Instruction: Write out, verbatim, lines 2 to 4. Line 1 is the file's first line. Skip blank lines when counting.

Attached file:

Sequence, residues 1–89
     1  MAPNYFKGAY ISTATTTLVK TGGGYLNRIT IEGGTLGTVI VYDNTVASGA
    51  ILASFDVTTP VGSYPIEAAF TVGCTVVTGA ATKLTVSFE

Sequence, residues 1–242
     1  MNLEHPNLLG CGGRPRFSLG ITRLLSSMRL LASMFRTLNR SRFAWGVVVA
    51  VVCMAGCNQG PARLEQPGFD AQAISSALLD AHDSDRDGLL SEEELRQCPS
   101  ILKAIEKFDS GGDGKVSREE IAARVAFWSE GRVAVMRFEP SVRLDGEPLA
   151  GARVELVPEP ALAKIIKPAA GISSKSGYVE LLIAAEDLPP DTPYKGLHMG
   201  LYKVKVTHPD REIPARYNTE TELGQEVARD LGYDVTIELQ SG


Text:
     1  MAPNYFKGAY ISTATTTLVK TGGGYLNRIT IEGGTLGTVI VYDNTVASGA
    51  ILASFDVTTP VGSYPIEAAF TVGCTVVTGA ATKLTVSFE

Sequence, residues 1–242